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 Ignorance is a luxury SA SMEs cannot afford

 

 Local small and medium enterprises (SMEs) need to give themselves every opportunity to gain from dynamic changes in world markets that are happening at an ever-increasing pace. Jeremy Lang, Regional General Manager at Business Partners Limited (BUSINESS/PARTNERS), the leading financier of SME business owners, says fluidity and uncertainty in the global economy need not be a threat and can actually help nimble businesses to exploit new opportunities. 

“Even though the IMF projects that global economic growth will slow down to around 3.3%, this doesn’t mean there aren’t good opportunities,” Lang says. “In a slowdown, for instance, consumers generally tend to cut their costs. So, if your business is solution-driven in its products and services and can help consumers save money, it could be positioned very well.”

He says this is but one example of how savvy business owners can thrive despite tough market conditions.

The globalised nature of business means there is no room for complacency, even for businesses who don’t believe they’re under threat from global developments.

“Although global events may not impact you immediately, you cannot run a business in isolation anymore,” Lang says. “Even if you run a hair salon on the corner, your customers’ disposable spend is going to be impacted by events like the oil price going up. So maybe they can only visit your salon once a month, instead of twice.”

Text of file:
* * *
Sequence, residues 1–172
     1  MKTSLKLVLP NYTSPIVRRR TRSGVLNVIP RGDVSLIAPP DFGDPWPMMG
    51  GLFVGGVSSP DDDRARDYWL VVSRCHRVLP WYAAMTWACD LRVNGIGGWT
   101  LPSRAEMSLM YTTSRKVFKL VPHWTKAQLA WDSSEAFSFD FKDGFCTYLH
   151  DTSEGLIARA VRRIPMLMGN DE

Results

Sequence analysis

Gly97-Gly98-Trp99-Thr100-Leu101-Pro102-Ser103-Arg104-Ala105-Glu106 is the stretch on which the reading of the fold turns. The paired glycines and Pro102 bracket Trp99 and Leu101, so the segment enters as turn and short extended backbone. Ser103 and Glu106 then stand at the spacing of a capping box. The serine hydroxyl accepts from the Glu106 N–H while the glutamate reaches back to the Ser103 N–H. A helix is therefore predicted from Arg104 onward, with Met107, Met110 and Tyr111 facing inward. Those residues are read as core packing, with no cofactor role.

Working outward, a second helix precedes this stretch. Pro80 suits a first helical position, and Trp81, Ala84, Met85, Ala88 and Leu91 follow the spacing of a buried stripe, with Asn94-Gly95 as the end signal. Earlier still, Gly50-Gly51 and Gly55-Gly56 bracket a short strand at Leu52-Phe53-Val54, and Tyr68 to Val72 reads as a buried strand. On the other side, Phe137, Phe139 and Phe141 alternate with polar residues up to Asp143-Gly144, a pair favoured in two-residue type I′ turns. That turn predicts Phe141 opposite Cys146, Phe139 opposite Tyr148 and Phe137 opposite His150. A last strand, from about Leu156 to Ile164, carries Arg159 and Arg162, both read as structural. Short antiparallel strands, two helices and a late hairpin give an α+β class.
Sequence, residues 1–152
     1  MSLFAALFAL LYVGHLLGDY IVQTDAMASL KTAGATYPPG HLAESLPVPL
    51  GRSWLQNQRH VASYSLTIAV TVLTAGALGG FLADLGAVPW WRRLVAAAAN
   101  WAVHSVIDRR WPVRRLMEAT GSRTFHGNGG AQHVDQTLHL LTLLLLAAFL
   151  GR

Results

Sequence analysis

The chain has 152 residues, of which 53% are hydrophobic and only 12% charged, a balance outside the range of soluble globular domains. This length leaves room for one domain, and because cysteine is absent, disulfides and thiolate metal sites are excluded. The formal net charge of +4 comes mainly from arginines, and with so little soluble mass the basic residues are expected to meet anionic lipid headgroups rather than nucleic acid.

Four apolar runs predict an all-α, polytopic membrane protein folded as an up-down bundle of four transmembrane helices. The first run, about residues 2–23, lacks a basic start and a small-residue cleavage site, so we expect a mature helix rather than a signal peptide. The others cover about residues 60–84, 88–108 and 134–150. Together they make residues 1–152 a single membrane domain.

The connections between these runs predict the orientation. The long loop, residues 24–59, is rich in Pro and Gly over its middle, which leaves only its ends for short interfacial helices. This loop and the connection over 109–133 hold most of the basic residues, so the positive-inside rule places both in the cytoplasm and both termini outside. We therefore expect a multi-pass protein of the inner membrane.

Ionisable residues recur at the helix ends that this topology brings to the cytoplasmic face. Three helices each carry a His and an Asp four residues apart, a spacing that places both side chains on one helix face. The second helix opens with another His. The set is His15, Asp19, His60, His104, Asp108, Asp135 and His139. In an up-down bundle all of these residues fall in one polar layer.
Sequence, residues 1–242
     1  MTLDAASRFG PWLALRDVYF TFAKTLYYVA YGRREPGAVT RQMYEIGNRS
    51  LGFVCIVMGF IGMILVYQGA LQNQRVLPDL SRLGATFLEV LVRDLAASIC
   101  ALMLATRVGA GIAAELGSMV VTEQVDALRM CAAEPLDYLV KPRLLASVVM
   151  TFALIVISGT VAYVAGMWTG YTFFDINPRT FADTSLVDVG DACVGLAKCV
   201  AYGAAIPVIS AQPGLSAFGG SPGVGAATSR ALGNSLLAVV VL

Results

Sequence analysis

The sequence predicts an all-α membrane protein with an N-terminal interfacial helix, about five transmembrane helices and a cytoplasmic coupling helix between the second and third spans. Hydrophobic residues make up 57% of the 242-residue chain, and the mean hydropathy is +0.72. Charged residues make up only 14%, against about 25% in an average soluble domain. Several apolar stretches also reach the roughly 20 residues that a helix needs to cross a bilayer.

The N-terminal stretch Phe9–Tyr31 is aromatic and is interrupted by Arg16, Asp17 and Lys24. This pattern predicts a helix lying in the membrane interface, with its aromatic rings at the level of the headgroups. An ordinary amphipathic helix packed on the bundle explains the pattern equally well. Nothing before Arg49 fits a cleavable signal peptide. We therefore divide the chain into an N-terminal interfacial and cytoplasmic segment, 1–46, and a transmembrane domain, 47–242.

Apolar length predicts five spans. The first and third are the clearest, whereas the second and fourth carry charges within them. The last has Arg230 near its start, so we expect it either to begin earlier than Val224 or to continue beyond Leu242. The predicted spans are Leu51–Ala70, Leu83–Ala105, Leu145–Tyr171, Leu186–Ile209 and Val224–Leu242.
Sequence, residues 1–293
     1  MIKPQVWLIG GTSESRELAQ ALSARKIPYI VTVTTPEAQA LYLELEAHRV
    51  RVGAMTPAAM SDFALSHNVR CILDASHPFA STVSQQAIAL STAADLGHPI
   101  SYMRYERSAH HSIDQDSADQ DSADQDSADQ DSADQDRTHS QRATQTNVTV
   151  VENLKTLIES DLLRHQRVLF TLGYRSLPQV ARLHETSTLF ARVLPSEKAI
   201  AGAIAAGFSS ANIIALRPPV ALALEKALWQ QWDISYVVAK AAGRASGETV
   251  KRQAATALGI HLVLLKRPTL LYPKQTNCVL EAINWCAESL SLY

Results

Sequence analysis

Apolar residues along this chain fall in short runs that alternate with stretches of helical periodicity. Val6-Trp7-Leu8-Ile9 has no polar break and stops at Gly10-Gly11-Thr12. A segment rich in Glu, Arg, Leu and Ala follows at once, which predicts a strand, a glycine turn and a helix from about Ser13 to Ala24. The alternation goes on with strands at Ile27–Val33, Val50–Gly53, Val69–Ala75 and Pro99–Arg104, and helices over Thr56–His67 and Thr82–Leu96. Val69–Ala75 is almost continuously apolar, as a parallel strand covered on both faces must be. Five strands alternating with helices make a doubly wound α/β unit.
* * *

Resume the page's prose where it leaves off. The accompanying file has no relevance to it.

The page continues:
For local businesses to do well, he suggests keeping an eye on five key themes that are shaping how businesses operate, and how consumer trends are influencing markets.

The first of these is the increased emphasis consumers place on sustainability and ethical business practices. The lesson for business owners is that they can no longer feign ignorance about suppliers and what happens downstream from their business.  More and more consumers are becoming educated about the impact of your business practises on the economy, society and the environment.

Secondly, rather significant changes to the world’s demographics could point to an opportunity. An aging population in East Asia, for example, may turn out to be the ideal consumers for a product or service unsuited to current South African consumer preferences as consumers of different ages have different needs

Next, Lang says, both local and global political factors cannot be ignored and could have a powerful impact on how the global economy performs, and where new opportunities might be uncovered.

The ongoing trade dispute between the United States and China, for instance, has created tremendous uncertainty, and with it a lack of demand. The same can be said about the election period for some businesses in the country.

The final factor that looms large for businesses of all sizes is the impact of technology. The rapid development of new solutions is a prime example of how an external factor could deal a death blow to, or breathe new life into, a business.

Lang says this means that business owners have a responsibility to stay abreast of developments in their key markets if they’re to thrive.

“One cannot ignore that the world is becoming a much smaller community, especially because technology is such a good enabler that allows companies to trade across borders. SMEs have no choice but to be aware of what is happening around the continent and world and how that impacts them directly or indirectly,” he concludes.

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